Justine Osborne: It was late summer of 2017. I don't remember the specific date.

Detective Parker: How long did the affair last?

Justine Osborne: It wasn't an affair. That implies knowledge on my part.

Detective Parker: Okay, how long did the relationship last?

Justine Osborne: We saw each other once or sometimes twice a week for a few months. There was no affair. As soon as I realized he was married, I stopped seeing him.

Detective Parker: How did he feel about that?

Justine Osborne: Well, he was very upset, but I think he was more afraid that his wife would find out than he was upset about us.

Detective Murphy: Have you had any contact with him since then?

Justine Osborne: We've been in touch off and on since his wife kicked him out.

Detective Murphy: He must've found a way to get back in your good graces then. How did that happen?

Justine Osborne: When I found out he was married, I ended our relationship, of course.

Detective Parker: So you said.

Justine Osborne: But after they separated, he started calling me again.

Detective Parker: And you took his calls?

Justine Osborne: Not at first, but he always left messages. The more of them I heard, the harder it was for me to stay mad at him.

Detective Parker: Did you happen to save any of those messages?

Justine Osborne: No.

Detective Parker: Do you recall what he said on those messages?

Justine Osborne: Basically just how his life was all chaos, and he needed a friend because he had done what others said was the right thing, but his life had gone into the toilet anyway.

Detective Murphy: Was he angry or accusatory toward anyone?

Justine Osborne: Yes, of course. He was angry and accusatory toward everyone. He was just lashing out because he felt helpless.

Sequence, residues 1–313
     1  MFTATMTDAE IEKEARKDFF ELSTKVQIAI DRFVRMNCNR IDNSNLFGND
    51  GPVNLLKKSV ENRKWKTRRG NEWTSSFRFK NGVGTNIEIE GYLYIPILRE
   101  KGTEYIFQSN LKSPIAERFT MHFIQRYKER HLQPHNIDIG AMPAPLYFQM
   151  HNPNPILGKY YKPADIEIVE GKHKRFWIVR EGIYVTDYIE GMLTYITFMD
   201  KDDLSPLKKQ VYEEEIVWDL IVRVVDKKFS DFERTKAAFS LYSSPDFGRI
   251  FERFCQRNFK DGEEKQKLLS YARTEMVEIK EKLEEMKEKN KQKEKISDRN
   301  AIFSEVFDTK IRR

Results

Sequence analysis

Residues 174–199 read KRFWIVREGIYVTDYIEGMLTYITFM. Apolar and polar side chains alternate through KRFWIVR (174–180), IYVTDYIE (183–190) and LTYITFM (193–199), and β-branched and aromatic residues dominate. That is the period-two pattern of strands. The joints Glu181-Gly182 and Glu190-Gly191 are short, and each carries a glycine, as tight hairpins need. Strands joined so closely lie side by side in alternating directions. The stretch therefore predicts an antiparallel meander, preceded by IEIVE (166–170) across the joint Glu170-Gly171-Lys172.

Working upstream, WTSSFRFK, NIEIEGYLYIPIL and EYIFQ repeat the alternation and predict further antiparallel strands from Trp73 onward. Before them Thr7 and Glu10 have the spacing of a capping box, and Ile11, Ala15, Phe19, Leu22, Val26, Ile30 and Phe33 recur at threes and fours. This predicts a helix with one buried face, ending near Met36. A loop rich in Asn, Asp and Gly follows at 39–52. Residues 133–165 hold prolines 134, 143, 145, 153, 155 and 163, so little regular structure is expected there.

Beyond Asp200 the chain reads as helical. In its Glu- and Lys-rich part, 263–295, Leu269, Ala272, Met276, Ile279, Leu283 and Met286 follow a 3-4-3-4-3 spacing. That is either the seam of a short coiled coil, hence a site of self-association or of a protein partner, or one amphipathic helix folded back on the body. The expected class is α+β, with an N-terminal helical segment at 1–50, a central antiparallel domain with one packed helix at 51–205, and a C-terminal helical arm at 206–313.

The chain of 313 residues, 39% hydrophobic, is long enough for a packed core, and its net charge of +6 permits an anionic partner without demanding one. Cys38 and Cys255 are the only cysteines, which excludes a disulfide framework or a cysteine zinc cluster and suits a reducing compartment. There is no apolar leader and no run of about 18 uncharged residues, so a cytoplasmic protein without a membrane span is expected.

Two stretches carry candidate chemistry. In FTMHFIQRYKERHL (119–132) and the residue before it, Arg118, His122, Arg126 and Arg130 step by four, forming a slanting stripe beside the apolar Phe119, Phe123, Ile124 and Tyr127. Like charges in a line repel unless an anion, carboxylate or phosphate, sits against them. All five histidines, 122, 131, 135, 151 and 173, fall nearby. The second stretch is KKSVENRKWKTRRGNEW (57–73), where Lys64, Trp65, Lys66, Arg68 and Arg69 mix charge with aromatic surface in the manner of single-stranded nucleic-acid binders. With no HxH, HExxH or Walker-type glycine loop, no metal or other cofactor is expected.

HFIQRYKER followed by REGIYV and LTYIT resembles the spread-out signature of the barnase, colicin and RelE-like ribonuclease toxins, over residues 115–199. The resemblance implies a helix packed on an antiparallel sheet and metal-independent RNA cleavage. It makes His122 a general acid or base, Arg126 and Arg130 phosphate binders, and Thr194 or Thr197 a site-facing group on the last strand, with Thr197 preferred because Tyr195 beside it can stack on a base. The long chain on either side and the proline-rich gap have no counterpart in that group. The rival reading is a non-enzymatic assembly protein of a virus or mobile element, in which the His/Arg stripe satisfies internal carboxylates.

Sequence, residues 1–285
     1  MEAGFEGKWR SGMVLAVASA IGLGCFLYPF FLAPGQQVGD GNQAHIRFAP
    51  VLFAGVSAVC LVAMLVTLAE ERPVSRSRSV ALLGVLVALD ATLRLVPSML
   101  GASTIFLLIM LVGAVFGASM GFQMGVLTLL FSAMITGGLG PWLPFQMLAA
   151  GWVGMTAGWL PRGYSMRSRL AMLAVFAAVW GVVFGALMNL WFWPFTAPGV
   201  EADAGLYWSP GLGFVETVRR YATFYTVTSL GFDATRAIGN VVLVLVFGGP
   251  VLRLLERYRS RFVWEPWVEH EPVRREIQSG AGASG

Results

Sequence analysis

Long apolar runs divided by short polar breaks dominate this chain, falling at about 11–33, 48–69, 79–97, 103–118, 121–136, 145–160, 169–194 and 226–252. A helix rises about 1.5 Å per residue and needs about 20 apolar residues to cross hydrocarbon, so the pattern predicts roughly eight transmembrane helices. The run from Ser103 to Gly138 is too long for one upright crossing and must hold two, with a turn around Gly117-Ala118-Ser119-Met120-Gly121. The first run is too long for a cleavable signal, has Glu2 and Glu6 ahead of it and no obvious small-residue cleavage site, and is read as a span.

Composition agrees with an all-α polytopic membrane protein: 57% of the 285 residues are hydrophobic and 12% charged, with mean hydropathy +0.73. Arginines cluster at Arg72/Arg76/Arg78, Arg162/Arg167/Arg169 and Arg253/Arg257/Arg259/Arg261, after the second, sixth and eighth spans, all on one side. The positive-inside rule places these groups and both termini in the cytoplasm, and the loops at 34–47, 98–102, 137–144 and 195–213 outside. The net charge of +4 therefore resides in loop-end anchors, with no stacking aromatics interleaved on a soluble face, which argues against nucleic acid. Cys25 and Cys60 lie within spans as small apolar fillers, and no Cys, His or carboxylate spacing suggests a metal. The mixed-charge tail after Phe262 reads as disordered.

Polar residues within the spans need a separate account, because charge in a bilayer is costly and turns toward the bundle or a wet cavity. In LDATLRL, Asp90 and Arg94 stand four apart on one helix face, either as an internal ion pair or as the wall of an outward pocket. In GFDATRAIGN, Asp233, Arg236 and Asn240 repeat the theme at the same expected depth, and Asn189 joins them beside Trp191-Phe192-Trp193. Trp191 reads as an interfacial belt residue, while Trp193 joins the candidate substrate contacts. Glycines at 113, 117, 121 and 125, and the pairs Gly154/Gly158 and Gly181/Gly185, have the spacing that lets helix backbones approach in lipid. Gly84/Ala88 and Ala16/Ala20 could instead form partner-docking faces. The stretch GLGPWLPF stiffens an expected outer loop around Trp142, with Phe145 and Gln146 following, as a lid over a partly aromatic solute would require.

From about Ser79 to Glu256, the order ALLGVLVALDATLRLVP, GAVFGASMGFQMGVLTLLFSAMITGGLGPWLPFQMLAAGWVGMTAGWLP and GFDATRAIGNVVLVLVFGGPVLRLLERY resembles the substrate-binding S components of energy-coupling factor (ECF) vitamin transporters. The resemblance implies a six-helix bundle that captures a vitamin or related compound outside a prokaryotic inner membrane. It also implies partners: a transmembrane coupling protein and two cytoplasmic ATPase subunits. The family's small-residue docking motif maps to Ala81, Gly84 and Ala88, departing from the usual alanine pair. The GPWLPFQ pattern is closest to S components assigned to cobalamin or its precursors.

Detective Murphy: Did he mention anyone in these voicemail messages?

Justine Osborne: He railed about his wife, about their marriage counseling and about me, and he also cussed God a little as I recall.

Detective Parker: And that made you want to get back together with him?

Justine Osborne: I never said we were back together.

Detective Parker: All right then, how would you describe your relationship today?

Justine Osborne: I'd say we are friends.

Detective Parker: With benefits?

Justine Osborne: I don't see how that's relevant.

Detective Murphy: You said before that Emmett was deceitful, not too smart and a disappointment. Why would you be friends with a person like that?

Justine Osborne: I know how it sounds. Emmett is a weak man in some ways, but he's also sweet and funny and charming.

Detective Parker: When he's not ranting about the people he blames for what went wrong in his life.

Justine Osborne: All right, yes. Emmett has trouble taking responsibility for his own foolish choices and dealing with the consequences of his actions. That's true. But he has good qualities too, and he doesn't have anyone left in his life who sees them anymore.

Detective Parker: Except you.

Justine Osborne: Yes. I'm all too aware of his negative qualities, but I can still see the good in him. And he needs that, especially now. Even his own son hates him now.

Detective Murphy: What makes you say that?

Justine Osborne: That's what Emmett said. He says his ex-wife turned their son against him.

Detective Murphy: Is that true?

Justine Osborne: I only know what Emmett tells me. I don't know his ex-wife or his son.